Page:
Rite of Passage
I made this image a few days ago on my Hassleblad 500 CM film camera while down in Suffolk.
I had been teaching one of my workshops all day since 04:45 and by this time in the evening, after the workshop, I was very tired and had to really push myself to go down to the beach to work.
I made some images digitally and was pleased with the result. It was then, as the light faded, that I moved over to making some long exposures with film.
I have set myself a goal of working with one film (Kodak 400 Tri-X) in the Blad, using the one lens I have, in order to try and master it. This was a seven minute exposure (without using ND filters). The long exposure was necessary as there was almost no light left in the sky.
Working with film is technically demanding - especially for me being primarily a digital photographer used to the instant feedback from the camera along with the histogram.
For long exposures with film you have to use a hand held light meter and ensure you take the readings from the correct areas (the camera does not have a light meter). Then you have to calculate the exposure length adding in extra time for 'reciprocity failure', something that doesn't affect digital cameras. Film is sensitive to light but the longer the film is exposed to light the less sensitive it becomes - so exposures don't get longer in the way digital long exposures do. For digital exposures for each stop you increase the exposure you simply double the previous exposure time. You do the same with film but then have to add on a bit more - and the longer the exposure gets, the more you have to add on.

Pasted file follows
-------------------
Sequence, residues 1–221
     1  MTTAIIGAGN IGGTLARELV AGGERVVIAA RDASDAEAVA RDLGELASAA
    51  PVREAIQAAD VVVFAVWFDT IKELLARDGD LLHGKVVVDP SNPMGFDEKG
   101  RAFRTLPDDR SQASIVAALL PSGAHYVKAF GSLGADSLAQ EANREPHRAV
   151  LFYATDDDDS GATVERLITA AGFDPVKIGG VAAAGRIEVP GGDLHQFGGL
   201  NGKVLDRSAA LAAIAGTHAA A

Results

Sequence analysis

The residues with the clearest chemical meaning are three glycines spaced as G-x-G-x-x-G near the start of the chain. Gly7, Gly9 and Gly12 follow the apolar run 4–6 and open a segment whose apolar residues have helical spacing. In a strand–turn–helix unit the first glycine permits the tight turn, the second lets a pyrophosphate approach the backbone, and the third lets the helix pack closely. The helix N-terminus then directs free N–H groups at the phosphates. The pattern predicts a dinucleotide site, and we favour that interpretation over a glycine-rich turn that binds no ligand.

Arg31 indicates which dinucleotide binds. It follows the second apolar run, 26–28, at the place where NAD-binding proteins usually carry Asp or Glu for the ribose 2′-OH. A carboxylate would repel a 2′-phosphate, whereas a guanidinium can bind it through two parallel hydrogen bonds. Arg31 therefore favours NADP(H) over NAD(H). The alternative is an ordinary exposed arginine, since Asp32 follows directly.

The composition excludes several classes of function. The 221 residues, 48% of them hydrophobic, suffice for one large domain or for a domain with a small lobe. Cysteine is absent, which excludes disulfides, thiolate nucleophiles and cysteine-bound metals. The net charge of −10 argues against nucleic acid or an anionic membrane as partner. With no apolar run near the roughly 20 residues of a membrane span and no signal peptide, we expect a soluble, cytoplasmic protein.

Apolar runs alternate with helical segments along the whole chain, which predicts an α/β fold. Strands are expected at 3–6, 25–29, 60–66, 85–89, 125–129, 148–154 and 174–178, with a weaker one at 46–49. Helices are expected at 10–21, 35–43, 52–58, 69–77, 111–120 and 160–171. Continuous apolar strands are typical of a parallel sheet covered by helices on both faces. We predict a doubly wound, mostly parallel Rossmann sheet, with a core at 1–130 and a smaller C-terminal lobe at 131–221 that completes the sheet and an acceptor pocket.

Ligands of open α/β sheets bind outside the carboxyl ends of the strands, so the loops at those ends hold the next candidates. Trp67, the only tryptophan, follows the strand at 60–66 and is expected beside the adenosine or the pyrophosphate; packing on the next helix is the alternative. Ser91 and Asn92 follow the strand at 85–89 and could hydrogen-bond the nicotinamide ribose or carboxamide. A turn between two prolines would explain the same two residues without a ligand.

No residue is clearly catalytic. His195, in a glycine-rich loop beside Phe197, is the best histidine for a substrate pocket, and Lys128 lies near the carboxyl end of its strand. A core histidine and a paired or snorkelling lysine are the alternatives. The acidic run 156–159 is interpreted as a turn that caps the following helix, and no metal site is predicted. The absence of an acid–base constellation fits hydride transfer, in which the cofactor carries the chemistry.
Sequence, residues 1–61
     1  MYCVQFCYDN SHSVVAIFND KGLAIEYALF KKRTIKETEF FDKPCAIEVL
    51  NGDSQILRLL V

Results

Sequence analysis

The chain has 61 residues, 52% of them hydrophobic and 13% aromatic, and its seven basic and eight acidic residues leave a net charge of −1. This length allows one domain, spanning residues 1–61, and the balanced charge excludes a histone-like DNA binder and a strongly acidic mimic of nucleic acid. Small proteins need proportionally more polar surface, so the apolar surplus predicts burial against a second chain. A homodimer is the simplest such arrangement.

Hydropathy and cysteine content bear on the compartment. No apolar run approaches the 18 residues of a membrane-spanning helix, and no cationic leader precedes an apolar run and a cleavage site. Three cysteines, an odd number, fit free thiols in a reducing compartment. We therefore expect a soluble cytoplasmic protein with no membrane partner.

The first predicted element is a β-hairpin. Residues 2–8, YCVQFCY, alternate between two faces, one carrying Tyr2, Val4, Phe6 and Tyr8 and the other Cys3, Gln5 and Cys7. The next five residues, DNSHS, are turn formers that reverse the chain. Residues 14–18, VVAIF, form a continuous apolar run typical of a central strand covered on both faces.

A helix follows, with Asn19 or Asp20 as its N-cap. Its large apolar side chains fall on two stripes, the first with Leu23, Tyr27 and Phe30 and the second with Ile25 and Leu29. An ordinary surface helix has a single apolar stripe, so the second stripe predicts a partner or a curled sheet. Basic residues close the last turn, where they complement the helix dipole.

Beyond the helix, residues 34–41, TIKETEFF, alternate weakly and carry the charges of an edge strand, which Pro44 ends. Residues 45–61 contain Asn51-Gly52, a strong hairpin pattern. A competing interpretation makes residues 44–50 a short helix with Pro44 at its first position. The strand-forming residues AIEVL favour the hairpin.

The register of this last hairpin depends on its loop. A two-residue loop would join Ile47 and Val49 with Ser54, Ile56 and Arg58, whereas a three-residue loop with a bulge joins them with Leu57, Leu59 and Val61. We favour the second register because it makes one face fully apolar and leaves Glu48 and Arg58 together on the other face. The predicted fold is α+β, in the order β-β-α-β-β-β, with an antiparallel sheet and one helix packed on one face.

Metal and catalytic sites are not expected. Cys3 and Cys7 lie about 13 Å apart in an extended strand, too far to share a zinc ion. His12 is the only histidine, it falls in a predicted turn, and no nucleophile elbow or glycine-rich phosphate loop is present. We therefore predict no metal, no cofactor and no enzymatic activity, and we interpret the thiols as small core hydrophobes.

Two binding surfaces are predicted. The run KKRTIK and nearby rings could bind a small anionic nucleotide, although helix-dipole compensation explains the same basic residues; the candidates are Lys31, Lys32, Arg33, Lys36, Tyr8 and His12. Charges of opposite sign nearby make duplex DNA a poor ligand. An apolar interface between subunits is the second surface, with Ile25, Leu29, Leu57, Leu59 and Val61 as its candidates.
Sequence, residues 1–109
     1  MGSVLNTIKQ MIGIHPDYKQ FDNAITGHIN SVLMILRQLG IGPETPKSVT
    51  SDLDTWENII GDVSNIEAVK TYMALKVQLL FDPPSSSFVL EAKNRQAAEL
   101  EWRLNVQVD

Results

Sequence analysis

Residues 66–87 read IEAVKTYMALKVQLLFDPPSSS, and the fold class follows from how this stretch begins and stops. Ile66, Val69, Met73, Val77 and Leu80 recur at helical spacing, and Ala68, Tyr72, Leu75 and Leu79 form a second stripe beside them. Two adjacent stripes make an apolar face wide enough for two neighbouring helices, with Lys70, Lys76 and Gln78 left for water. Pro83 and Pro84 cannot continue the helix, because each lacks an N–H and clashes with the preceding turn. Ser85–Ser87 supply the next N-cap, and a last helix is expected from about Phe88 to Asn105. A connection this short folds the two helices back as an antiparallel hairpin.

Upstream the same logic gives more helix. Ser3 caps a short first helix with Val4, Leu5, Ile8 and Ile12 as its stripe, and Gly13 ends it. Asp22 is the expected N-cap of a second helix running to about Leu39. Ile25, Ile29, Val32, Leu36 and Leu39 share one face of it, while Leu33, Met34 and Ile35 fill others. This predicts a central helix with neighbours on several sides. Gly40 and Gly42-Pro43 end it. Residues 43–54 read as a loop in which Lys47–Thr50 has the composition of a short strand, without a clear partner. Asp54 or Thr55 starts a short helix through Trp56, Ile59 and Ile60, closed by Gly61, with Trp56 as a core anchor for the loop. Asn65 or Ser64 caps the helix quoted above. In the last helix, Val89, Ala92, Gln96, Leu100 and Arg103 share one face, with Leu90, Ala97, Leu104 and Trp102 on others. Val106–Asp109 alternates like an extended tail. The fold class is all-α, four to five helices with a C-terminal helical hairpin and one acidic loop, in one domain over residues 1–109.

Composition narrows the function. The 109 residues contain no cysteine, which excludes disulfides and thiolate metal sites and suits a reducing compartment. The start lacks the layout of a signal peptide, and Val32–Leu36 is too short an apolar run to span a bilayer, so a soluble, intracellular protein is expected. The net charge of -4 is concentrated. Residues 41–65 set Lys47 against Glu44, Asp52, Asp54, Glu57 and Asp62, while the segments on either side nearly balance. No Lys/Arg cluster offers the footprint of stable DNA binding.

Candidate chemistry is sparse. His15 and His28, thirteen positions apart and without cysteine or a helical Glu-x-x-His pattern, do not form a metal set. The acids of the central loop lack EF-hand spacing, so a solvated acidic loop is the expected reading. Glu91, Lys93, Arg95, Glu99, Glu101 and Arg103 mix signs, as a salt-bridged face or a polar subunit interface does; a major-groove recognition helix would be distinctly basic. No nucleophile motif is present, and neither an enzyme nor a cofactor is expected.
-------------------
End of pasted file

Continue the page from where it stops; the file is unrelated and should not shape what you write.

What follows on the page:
I am hopeless at maths so I was relying on my iPhone to not only measure the time to hold the shutter open in club mode (using the stopwatch function) but also calculate the reciprocity failure values, which was even harder as I was tired and working in near darkness.
I love the grain and simplicity of Kodak Tri-X 400. It gives me the rough feel I am looking for, although I am tempted to also try Ilford Pan F 50 which I use in my pinhole camera as this give smoother grain. I don't think it will have the feel of the Tri-X though.
I am slowly getting used to the wait while I get the films processed (by the excellent Peak Imaging in Sheffield, UK) and love the excitement of holding the film up to the light outside after picking them up. Then the dash home to get them on the scanner to really see what you have.
I was delighted with this image, it fits exactly with what I visualised on the beach. I am inspired by Michael Kenna but also by Josef Hoflehner, who does stunning mono long exposures on film.
I have a very long way to go to get close to the skills of guys like them but I am learning so much from the process and enjoying it immensely. The results are wonderful to see on a big screen and I can find no way of truly emulating the feel that film gives you digitally.
I now look forward to trying to print this image for my wall. Here comes another steep learning curve!
I am running a low light and night photography workshop in Whitby on Saturday 12th May - drop me a message if you would like more details
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